In 2002 the African Union (AU) definitely succeeded to the Organisation of the African Unity (OAU). The new Pan-African organisation soon proceeded towards the institution of a regional security system, made up of several organs and mechanisms and enabled to deploy operative actions. Nowadays the full realisation of the African security system primarily relies on the availability of the necessary financial resources. It is well-known that the great majority of the African States is economically weak. Therefore, some international donors usually give financial assistance. As a result, the budgetary dependence from abroad is one of the main problems currently affecting the African security system. The quest for regional autonomy in peace maintenance, which the African States pursue, further stresses the said problem. This chapter is divided into two parts. The first part begins with a focus on the historical and political reasons that led to the establishment of the African security system. Then, it highlights the quest for autonomy emerging both from the legal frame and from the complex web of the organs and mechanisms of the regional security system. The second part of the chapter shows that the funding of the regional security system mainly depends on the international donors. The financial support above all comes from the EU, the UN, some NGOs, single non-African States and other private actors. The UN also carries out an important role in the deployment of the AU operative actions.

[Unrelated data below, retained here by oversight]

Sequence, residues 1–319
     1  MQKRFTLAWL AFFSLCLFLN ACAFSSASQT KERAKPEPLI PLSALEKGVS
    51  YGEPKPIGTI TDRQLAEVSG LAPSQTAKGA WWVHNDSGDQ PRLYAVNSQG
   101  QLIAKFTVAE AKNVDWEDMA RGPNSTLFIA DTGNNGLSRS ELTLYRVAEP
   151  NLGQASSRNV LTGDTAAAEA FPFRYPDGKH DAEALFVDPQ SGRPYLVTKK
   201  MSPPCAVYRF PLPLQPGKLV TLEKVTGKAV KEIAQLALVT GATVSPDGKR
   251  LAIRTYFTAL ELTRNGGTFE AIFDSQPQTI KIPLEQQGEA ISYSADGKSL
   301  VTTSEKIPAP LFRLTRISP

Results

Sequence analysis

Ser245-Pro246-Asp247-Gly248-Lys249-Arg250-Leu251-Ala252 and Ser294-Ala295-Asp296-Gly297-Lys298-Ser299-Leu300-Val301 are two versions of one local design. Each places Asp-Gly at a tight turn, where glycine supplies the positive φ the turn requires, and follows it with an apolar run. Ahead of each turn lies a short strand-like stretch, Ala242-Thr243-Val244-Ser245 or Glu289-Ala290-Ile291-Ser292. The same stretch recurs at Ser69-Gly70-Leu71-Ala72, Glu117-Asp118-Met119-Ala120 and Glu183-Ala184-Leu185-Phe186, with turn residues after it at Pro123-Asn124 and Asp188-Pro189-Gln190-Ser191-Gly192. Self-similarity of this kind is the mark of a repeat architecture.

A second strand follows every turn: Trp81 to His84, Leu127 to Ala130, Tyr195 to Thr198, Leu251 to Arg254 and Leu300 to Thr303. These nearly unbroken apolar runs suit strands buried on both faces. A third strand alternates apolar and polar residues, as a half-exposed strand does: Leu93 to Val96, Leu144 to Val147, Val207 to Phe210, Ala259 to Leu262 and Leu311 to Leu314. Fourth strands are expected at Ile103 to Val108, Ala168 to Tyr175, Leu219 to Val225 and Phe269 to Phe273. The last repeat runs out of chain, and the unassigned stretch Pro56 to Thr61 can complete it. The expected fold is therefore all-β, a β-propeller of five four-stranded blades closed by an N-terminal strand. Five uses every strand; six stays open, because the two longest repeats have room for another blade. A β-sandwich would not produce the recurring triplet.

Pascale G (Corresponding)
|Titolo:||The African Security System: Between the Quest for Autonomy and the External Financial Dependence|
|Data di pubblicazione:||2018|
|Appare nelle tipologie:||3.1 Articolo su libro|
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